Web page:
“Look up there,” Christian says pointing up towards a cable that runs around the perimeter of the forest as he plants his tripod-mounted binoculars on the ground. As he trains his torch on area, gasps go up from our group. It’s a two-toed sloth clinging to a tree with a cub wrapped around its midriff. Other groups begin to stop and so the thick furry mammal decides to get out of the spotlight, quite literally. We watch as it dangles then drops from tree to cable and, hanging backwards with its hands and feet wrapped around the cable, like an SAS soldier, slowly creeps away into the night.
“It’s an interesting way to see the forest. You can visit by day, but I think it’s better at night because you can see the animals as you wouldn’t usually see them,” Christian explains.
He’s not wrong. I’ve never seen a sleeping bird until tonight. I’m not sure if you have either, but if not, they look like the kind of stuffed animal you find in a British country pub. We see a sabre winged hummingbird, brown jays and an orange-bellied trogon looking peaceful perched on branches completely motionless.
Around twenty minutes later, Christian leads us down another dark path as light raindrops fall from through the canopy above. “What I’m going to show you now is a secret path. See if you can spot anything.” he says heading down a staircase made of sandbags.
As we reach the bottom, there’s a small bubbling stream. “Wait here one moment,” Christian says as he shines his light on a small rock pool. “Aha there it is!!” he says delightedly. “One at a time, come and take a look,” he says, this time quietly as if not wanting to disturb.
Sat on a smooth rock the size of a sack of potatoes is a tiny frog no bigger than a golf ball. Either Christian is a maverick guide, or the reptile rarely moves from this area as it’s almost impossible to see until you’re up close with a bright light. Again, it’s a luminous green with big red eyes.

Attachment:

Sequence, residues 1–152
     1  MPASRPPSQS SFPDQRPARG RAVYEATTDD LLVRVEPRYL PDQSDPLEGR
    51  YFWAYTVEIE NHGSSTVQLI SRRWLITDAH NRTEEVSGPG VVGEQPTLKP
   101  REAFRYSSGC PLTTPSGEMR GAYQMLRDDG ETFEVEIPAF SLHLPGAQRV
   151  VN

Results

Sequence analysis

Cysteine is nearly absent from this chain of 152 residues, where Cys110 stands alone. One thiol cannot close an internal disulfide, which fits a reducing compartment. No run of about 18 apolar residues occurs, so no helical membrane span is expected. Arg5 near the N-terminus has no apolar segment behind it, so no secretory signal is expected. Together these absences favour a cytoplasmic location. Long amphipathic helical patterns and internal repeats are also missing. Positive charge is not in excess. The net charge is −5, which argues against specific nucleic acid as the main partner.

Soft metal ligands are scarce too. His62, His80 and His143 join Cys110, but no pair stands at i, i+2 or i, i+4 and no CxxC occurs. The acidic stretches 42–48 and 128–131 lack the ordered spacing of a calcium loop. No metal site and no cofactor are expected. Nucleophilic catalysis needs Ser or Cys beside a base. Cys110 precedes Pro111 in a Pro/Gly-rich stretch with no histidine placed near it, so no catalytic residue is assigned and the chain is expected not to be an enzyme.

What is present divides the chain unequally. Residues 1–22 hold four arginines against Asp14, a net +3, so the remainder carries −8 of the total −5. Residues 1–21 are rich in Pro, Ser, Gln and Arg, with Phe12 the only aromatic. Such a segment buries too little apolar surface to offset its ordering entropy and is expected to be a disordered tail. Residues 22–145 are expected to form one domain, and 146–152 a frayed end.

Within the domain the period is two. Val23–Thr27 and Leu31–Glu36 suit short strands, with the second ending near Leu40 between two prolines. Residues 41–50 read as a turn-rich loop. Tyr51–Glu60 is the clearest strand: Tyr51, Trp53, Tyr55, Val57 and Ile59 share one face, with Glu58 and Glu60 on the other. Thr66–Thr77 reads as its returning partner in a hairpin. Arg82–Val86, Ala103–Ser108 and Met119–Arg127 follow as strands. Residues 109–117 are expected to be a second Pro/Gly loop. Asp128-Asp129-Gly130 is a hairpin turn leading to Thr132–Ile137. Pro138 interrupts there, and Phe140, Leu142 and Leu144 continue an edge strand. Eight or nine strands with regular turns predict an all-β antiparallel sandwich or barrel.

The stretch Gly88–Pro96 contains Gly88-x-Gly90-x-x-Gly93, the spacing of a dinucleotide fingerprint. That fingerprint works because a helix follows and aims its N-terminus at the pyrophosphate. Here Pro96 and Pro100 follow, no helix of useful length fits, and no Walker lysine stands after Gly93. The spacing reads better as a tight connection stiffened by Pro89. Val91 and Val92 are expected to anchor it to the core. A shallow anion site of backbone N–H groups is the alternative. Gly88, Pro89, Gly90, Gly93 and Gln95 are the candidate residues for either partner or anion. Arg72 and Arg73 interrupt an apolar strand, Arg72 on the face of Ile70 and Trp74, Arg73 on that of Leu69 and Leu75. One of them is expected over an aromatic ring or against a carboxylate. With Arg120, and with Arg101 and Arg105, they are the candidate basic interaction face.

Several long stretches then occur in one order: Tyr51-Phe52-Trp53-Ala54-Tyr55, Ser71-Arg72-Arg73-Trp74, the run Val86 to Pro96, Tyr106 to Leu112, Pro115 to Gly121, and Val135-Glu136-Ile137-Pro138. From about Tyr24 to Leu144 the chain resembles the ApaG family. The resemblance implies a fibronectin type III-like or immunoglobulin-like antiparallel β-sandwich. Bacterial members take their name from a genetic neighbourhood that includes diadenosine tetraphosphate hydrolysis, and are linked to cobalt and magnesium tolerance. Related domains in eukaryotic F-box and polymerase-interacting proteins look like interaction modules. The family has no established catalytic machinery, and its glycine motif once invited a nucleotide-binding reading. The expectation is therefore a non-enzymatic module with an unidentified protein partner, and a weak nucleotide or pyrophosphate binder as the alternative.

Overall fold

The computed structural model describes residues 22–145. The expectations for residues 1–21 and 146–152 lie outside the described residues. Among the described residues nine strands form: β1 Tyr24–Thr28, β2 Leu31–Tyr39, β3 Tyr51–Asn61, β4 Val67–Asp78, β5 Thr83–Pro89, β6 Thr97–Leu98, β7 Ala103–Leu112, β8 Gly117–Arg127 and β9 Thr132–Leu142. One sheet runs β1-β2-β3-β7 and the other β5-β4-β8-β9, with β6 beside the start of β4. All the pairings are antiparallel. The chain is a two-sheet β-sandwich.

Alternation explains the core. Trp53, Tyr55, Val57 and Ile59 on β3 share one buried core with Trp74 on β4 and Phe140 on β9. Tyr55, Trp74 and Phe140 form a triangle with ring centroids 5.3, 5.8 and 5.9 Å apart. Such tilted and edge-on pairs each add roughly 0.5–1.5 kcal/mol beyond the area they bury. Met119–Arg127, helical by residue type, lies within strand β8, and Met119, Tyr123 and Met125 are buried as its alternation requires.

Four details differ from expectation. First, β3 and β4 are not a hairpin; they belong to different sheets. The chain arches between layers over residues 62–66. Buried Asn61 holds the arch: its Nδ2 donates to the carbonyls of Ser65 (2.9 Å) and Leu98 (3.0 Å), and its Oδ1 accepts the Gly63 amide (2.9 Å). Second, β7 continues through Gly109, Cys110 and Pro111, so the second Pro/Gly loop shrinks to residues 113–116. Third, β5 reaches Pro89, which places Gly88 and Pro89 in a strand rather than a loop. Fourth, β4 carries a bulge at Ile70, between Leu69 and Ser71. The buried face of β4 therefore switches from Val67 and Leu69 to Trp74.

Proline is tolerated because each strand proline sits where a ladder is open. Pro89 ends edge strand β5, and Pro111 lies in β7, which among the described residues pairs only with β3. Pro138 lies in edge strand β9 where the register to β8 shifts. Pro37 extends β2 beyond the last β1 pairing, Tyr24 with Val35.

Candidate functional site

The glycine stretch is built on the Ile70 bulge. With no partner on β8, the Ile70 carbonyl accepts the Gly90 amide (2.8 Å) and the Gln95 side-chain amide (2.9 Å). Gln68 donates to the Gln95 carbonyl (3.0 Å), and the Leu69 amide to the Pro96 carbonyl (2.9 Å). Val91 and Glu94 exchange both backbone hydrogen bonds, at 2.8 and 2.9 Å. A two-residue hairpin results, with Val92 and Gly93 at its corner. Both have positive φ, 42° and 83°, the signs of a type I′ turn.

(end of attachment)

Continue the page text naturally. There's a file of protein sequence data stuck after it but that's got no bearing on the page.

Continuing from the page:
Once the group have taken turns taking pictures and asking questions, we head back up to the main path. But before we do, Christian asks us to take a moment to close our eyes and listen to the forest. The sounds of crickets amplify with our eyes closed, it’s like someone has turned the speaker system up. There’re hardly any other sounds but for an occasional dropping branch or bustle coming from a nearby bush. It’s nature’s jazz concert.
And as we make our way towards the end of the trail a little later, Christian spots something high up in a tree. Its white face pops from behind a branch as the rest of the group strain our eyes to see. “Look a capuchin monkey. Take a look through the telescope” he says excitedly.
Sure enough there it is, a cheeky monkey cradling a tiny baby (something we only discover on reviewing a video of it later). It seems at peace in a way you don’t expect to see monkeys. “This is very special; these monkeys are usually very active, so you don’t often see them as this” Christian explains.
And on that, we head back through the forest to the cafe for a coffee, enlightened by numerous encounters with animals we’d seldom get so see, or want to see, so closely during the day.
To book a night walk visit refugiomonteverdecr.com/en/
For more information visit: www.visitcostarica.com/uk/
For expert guided tours of Costa Rica visit: Il Viaggio Travel
Where to stay in Costa Rica
Senda Monteverde (Monteverde): Rooms from £200 + taxes – www.sendamonteverde.com
The Harmony Hotel (Nosara): Rooms from £240 + taxes – www.harmonynosara.com
Latitude 10 (Santa Teresa): Rooms from £223 + taxes – www.latitude10resort.com
Xandari Resort and Spa Costa Rica (San Jose): Rooms from £196 — www.xandari.com/costarica-xandari-overview.html